Reading the news can leave you depressed and misinformed. It’s partisan, shallow, and, above all, hopelessly negative. As Steven Pinker from Harvard University quipped, “The news is a nonrandom sample of the worst events happening on the planet on a given day.”

So, why does Human Progress feature so many news items? And why did I compile them in this giant list? Here are a few reasons:

  • Negative headlines get more clicks. Promoting positive stories provides a necessary balance to the torrent of negativity.
  • Statistics are vital to a proper understanding of the world, but many find anecdotes more compelling.
  • Many people acknowledge humanity’s progress compared to the past but remain unreasonably pessimistic about the present—not to mention the future. Positive news can help improve their state of mind.
  • We have agency to make the world better. It is appropriate to recognize and be grateful for those who do.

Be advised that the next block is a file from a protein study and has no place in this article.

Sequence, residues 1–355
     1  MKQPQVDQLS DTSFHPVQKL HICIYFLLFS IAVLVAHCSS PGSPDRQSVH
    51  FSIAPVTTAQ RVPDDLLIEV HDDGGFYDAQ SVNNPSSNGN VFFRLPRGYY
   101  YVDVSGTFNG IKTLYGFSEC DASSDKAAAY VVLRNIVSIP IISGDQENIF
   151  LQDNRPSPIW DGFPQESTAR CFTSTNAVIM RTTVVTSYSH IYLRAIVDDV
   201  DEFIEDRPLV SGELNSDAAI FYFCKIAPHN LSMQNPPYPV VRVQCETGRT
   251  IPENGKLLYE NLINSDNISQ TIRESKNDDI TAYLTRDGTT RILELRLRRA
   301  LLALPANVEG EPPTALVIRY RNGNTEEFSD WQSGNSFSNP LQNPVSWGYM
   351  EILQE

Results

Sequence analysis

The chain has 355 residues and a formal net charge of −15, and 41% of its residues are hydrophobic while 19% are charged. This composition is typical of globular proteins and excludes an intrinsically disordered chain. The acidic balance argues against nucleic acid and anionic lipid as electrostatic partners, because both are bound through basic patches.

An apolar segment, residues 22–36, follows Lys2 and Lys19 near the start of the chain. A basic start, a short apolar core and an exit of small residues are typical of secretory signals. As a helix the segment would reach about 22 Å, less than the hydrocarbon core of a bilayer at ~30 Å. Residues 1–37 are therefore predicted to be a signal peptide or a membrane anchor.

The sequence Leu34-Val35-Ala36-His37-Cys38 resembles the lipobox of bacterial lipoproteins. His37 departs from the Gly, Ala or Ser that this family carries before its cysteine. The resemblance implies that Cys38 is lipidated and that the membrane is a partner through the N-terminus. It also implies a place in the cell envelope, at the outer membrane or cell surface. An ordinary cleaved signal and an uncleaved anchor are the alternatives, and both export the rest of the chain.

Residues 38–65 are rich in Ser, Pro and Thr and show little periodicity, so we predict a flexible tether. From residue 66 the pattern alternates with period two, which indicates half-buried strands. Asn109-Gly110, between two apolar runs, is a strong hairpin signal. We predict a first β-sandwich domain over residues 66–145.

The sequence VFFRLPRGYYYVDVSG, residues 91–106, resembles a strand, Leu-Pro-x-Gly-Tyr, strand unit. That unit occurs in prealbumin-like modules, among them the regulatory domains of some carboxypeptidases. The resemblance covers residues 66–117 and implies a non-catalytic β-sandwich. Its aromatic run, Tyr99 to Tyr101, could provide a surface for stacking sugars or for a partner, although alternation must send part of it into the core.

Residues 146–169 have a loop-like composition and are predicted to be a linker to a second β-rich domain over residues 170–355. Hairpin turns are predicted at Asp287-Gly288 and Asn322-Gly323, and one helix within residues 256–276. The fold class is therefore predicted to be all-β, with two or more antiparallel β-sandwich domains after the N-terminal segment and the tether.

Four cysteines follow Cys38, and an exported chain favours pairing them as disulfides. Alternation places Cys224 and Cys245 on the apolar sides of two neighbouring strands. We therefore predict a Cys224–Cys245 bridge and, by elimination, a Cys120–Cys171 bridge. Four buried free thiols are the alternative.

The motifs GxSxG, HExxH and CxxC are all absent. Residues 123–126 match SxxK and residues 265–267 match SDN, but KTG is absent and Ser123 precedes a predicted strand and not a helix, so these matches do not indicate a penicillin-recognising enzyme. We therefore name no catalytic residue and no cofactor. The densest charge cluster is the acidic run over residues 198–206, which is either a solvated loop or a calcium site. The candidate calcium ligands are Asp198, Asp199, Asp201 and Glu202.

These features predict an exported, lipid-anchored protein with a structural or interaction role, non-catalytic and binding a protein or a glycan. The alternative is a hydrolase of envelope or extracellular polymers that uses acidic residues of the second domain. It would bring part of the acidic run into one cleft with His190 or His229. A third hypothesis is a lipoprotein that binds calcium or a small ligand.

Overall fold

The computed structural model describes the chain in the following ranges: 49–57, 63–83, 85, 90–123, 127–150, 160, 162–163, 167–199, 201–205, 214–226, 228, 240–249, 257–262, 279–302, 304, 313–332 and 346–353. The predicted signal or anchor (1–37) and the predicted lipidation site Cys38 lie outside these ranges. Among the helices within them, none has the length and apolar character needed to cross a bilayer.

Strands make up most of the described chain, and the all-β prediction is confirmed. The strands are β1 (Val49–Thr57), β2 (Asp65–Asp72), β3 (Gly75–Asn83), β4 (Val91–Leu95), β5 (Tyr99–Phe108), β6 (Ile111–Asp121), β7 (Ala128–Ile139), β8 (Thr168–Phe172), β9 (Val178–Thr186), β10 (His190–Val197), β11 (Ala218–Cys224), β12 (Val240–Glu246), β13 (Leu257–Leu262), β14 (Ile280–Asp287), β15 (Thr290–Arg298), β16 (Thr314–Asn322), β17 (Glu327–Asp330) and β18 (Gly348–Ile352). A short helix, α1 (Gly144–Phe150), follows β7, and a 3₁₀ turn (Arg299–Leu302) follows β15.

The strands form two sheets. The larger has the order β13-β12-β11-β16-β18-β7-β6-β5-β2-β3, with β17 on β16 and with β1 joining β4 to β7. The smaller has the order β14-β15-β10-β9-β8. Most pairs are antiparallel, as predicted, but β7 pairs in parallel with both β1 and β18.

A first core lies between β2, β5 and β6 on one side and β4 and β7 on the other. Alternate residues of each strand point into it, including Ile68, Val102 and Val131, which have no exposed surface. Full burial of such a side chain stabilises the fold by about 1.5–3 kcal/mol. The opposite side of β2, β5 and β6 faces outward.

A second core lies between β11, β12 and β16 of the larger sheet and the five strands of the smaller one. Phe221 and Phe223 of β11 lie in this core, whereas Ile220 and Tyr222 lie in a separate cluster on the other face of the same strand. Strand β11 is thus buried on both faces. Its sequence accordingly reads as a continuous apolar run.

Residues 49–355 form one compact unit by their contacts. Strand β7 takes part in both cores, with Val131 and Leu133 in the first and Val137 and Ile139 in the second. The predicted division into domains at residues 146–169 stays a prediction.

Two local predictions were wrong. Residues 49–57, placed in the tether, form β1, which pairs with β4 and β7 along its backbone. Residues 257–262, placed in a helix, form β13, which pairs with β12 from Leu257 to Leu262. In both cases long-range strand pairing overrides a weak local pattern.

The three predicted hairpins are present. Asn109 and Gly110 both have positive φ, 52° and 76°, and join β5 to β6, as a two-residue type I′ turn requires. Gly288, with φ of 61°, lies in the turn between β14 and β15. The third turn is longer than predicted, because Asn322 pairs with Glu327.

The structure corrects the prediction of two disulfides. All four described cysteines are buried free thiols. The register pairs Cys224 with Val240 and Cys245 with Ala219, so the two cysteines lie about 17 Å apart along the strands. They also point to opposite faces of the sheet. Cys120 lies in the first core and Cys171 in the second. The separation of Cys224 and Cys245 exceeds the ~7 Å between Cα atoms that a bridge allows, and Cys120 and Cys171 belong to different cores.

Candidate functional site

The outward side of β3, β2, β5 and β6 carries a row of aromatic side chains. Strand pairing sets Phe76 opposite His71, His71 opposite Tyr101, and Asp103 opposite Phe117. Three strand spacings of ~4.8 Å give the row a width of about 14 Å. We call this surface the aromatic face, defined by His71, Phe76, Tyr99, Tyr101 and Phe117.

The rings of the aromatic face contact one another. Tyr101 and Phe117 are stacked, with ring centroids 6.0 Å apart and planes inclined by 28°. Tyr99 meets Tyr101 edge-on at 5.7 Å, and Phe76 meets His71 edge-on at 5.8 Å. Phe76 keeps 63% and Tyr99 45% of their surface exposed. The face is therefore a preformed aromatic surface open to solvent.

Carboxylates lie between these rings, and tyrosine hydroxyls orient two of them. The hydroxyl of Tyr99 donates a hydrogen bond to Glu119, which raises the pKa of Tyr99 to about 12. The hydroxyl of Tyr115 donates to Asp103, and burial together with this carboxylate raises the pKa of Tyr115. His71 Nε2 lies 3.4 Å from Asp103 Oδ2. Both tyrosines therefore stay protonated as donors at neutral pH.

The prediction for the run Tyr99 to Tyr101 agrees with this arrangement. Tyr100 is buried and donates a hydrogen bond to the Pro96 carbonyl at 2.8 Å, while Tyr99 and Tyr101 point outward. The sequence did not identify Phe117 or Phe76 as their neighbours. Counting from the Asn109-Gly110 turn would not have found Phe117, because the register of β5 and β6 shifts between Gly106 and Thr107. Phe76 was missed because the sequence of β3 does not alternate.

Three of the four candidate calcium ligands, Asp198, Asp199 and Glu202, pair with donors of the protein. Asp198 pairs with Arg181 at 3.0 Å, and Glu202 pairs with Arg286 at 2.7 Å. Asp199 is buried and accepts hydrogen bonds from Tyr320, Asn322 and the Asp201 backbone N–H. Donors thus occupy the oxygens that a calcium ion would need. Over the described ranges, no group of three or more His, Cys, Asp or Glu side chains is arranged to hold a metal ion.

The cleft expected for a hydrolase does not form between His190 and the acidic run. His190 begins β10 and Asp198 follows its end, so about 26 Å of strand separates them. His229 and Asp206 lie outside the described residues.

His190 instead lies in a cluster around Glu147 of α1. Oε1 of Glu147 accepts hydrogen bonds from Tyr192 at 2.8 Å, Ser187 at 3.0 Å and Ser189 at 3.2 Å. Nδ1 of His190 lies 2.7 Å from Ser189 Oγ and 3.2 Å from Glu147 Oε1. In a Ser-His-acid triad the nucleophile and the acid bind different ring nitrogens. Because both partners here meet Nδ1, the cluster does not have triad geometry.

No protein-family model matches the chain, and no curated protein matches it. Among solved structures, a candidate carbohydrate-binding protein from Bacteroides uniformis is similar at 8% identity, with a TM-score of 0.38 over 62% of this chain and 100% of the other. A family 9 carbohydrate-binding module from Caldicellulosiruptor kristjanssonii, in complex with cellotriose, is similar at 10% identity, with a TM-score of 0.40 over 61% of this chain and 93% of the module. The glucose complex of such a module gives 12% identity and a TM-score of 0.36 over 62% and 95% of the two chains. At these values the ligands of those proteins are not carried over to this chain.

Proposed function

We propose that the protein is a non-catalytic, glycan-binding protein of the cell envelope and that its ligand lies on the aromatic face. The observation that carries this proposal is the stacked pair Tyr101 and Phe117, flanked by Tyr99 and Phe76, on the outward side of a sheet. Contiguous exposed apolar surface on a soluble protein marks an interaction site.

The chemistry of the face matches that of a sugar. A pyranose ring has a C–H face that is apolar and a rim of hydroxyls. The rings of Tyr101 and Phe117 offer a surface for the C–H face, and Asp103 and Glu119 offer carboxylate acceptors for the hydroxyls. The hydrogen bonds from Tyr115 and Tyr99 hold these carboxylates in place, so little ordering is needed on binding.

Below is a nonrandom sample (n = ~1000) of positive news we collected this year, separated by topic area. Please scroll, skim, and click. Or—to be even more enlightened—read this blog post and then look through our collection of long-term trends and datasets.



Farming robots and drones

Food abundance

Genetic modification

Indoor farming

Lab-grown produce


Other innovations

Conservation and Biodiversity

Big cats




Other comebacks



Rivers and lakes

Surveillance and discovery

Rewilding and conservation


Culture and tolerance

Gender equality

General wellbeing


Treatment of animals

Energy and natural Resources



Fossil fuels

Other energy

Recycling and resource efficiency

Resource abundance

Environment and pollution

Climate change

Disaster resilience

Air pollution

Water pollution

Growth and development